Bill Belichick needs to get a whole lot friendlier to play this role, but he definitely has the credentials when it comes to time management. Under Belichick, the New England Patriots have had numerous late-game comeback victories because their coach is great at managing the clock.

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The Hero Girl -- Chris Paul

Daniel Shirey-USA TODAY Sports

I’m not trying to call Chris Paul a girl or anything like that. I promise this is a compliment, so just bear with me.

The unnamed Hero Girl is probably the most likable character in the movie and goes out of her way to ensure that every kid on the train is involved in the experience of going to the North Pole. As a result, the conductor punches the word “LEAD” into her ticket.

Similarly, Paul is one of the most likable players in the NBA and is arguably the best at getting his teammates involved. He’s currently leading the NBA in assists this year, a feat he’s accomplished three times before in his career. Blake Griffin may have the highlight dunks, but Paul is the rightful leader of the team.

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Billy -- Kevin Garnett

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Billy is a loner whose parents can’t afford to give him the Christmas he deserves. As Billy says, “Christmas just doesn’t work out for me.” Over the course of the movie, he struggles to trust other people and learns to rely on his new friends.

On the return trip from the North Pole, he’s the first kid to be dropped off at his house, where he runs outside triumphantly holding up one of his presents and shouts back to the kids on the train with shock and excitement, “He came! He came!”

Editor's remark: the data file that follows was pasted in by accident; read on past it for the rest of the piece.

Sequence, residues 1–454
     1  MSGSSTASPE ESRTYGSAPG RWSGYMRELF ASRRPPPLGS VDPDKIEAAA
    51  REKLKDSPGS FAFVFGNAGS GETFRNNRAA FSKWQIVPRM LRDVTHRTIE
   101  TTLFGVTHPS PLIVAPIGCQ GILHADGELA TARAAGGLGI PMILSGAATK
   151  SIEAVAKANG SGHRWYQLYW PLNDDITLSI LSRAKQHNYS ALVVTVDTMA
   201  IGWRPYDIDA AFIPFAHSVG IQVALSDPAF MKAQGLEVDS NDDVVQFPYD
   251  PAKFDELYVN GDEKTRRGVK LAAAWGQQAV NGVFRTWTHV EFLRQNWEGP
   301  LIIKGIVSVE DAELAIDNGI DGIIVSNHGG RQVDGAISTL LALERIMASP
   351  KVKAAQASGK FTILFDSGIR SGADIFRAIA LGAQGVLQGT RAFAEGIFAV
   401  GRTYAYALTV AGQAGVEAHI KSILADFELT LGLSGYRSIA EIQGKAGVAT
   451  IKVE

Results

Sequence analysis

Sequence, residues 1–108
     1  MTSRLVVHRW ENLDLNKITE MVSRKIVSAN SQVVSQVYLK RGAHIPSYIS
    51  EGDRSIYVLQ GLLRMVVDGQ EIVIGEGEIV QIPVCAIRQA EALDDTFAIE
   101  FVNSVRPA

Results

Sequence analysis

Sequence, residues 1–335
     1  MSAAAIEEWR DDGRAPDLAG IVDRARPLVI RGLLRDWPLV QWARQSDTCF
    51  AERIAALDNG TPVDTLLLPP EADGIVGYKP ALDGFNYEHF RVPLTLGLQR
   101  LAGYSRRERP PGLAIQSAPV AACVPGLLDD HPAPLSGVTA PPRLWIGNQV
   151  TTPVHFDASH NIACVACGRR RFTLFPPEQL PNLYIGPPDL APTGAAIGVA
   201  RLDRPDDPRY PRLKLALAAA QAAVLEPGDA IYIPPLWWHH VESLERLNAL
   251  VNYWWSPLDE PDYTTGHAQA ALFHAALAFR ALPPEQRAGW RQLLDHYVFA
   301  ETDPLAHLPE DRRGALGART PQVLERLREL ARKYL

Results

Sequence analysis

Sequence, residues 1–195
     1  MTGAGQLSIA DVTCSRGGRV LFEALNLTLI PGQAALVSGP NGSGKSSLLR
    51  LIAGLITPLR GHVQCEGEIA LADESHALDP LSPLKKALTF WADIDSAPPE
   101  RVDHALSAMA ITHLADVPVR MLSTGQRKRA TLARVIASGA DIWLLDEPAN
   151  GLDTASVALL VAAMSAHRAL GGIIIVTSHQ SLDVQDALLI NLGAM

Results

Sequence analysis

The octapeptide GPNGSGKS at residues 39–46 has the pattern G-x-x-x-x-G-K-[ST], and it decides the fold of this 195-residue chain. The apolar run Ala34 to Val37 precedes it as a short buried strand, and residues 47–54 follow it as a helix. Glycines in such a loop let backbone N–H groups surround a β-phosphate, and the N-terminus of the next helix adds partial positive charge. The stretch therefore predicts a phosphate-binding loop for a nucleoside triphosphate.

Kevin Garnett was a great player on a bad Minnesota Timberwolves team. For 12 seasons, the NBA just wasn’t working out for him. Then he was traded to the Boston Celtics, where he could rely on the players around him. And when Garnett finally won a championship in 2008 he shouted, “Anything’s possibleeeeeeeeee!” Much like Billy’s reaction after he finally got the present he so desired.

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The Know-It-All-Kid -- Richard Sherman

Steven Bisig-USA TODAY Sports

There’s one kid on the train who’s an insufferable know-it-all. Though he is very intelligent, he’s arrogant and annoying, the closest thing to a villain in the story. It’s ironic when the word "LEARN" is punched into his ticket towards the end of the film (meaning humility).

Richard Sherman is one of the best cornerbacks in the NFL – he’ll tell you so himself. After just his second season in the league, he claimed he was better than Darrell Revis, and famously boasted about his intelligence in a debate with Skip Bayless. So far, he hasn’t learned humility in the NFL, but then again, his train ride in the league isn’t over yet.

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Santa Claus -- Mike Napoli

Mark L. Bauer

This one’s pretty simple. Just look at that beard! Plus, his uniform is red and white.